1. Powering on your camera rail
Before you can begin taking your light field photos, you need to supply power to your camera rail.
There are a few ways you can do this, including:
- using the provided wall adapter,
- a laptop/PC,
- or a portable power bank.
Portable power banks are great for outdoor shoots or when you want to travel with your rail to capture light fields on location.
When you first turn your light field photo rail on the rail will become to perform the "home" process. This means it will move back and forth along the rail once to determine where the edges are. It's important to make sure there are no obstructions and that the rail is level.
2. Setting the speed
The Light Field Photo Rail has three different speeds by default, denoted by the number of LED Lights (⚪) active.
• ⚪⚪⚪ Fast 11 sec - this will be the best choice for most captures
• ⚪⚪⚫ Medium 16 sec
• ⚪⚫⚫ Slow 32 sec
To change the speed of the camera rail, click on the button to the far right. When you press this button, it will adjust the speed of the rail and change the LED indicator on the rail to reflect the setting.
3. Framing your shot
It's important that your subject is in the middle of the Light Field Photo Rail. This ensures that the subject will be visible at both the beginning and the end of the light field, which is one of the key aspects of a good capture.
You'll also want to make sure that you have a good amount of depth in your photo. In this case, we have a well layered background with multiple distances and this karate chop pose provides a fun way of having a small foreground element -which will "pop" in the Looking Glass.
For more information on how to capture light fields check out our light field documentation.
4. Capturing a light field
Alright, so now that we've got all the basics out of the way we can get onto the fun part, capturing a light field!
In this case we're going to be using the video feature of either our camera or phone. Modern smartphones take pretty excellent video, so we'll be using an iPhone XR for this demonstration. We recommend setting the video capture settings to 4K on the phone for sharper results.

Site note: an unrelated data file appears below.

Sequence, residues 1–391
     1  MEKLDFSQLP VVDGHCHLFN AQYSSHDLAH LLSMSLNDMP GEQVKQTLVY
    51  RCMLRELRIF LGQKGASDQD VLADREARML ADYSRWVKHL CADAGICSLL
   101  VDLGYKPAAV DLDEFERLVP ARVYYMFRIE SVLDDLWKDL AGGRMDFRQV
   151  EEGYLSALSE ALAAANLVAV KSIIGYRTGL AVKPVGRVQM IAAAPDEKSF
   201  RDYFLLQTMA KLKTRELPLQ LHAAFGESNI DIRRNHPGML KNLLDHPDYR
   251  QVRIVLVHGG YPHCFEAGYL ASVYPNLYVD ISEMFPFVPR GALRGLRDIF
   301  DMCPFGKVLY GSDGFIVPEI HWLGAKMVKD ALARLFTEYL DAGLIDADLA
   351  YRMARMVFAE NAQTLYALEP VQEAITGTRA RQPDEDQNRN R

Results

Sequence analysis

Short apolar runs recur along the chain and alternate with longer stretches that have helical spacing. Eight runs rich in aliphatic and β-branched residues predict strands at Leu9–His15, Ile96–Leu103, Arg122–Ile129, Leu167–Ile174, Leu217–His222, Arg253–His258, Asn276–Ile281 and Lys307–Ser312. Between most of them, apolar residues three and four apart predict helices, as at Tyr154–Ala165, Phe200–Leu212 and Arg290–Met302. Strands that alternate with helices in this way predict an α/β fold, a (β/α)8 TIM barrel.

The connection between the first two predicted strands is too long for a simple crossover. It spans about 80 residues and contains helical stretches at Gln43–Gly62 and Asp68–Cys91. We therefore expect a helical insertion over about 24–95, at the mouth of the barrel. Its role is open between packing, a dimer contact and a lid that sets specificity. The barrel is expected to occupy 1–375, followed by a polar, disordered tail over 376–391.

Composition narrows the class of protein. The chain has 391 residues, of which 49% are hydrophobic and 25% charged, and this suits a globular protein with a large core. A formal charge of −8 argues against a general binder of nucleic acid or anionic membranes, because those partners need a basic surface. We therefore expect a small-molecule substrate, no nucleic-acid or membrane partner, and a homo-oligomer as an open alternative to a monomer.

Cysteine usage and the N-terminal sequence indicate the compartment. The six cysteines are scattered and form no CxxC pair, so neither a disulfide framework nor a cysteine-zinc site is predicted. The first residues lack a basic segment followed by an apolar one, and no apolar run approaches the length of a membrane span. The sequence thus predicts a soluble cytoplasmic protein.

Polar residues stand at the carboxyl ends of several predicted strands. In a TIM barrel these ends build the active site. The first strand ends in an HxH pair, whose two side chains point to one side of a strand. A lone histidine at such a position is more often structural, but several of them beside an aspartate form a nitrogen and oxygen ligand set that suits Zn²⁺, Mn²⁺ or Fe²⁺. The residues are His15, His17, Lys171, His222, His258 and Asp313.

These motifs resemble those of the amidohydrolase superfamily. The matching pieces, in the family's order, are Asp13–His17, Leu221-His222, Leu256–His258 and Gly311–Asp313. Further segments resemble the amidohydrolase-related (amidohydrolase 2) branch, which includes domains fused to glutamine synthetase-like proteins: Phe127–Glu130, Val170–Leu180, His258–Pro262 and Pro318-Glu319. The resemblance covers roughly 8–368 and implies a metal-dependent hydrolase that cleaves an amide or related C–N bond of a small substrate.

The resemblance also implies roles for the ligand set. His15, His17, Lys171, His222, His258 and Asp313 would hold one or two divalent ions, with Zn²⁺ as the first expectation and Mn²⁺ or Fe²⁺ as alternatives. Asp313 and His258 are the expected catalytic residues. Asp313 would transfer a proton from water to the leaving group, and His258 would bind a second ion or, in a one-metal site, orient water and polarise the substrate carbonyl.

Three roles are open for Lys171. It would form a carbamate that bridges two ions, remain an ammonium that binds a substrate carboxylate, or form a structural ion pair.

It's important to note that if you're using the phone mount that it needs to be placed on top of the swivel/orbit mount. Mounting the phone mount directly to the rail may result in it not being able to rotate to the proper angle.
So, wait a second, am I supposed to rapidly click on the photo button?
Nope! The best way to capture a light field photo set with your phone is to use the video settings. We find it best to start recording right before the light field capture and end right afterwards, this way there's less processing to do with your files afterwards.
5. The importance of depth
The best light field photos always include some form of depth, especially with regards to a foreground object.
In our demo reel, we include pictures of some of our team members with Magnifying Glasses and this really showcases the unique way the light field rail captures reality. Almost like a slice of time!
In this case, we don't have a magnifying glass :( But that's ok! We'll make do and do some clever and fun poses! I thought it'd be fun to do a karate chop pose! Anything is possible with light fields and you can choose any post you want to do. There are no wrong choices so experiment!
6. Converting your video into a photoset
You've got your video. Now you need to convert it into a set of photos for import.
There are a multitude of ways to do this, and we'll go over our favorite way here. Keep in mind that you can use any method you're comfortable with and the following recommendation is just what we've found to be the simplest.
Light field Photo Sets work best with 45-90 views, and have diminishing returns with views over 90. In this case, we want to set the in and out point to the start and end of our capture. You can do this by dragging your video into the timeline and typing "I" for in point and "O" to mark the out point.
Once you've got the in and out markers placed, let's export your video as a PNG sequence.
- Go to export -> media.
- Then choose PNG from the drop down.
- Adjust frame rate to 5 so you get enough frames.
If you find that you have less than 45 frames output, go ahead and increase the frame rate and re-export.
It's also a good idea to set a custom folder for the export location. This will make it easier to copy and import your files later. Now you should have a folder full of photos you can import into Looking Glass Studio!
7. Importing your light field into Looking Glass Studio
Open Looking Glass Studio, from here you can either drag & drop the first photo in your photoset in, then choose the "Light field photoset" option.
Congrats on taking your first light field photo! 🎉
If you have any questions, please reach out to us! You can reach the team at Looking Glass Factory at email@example.com!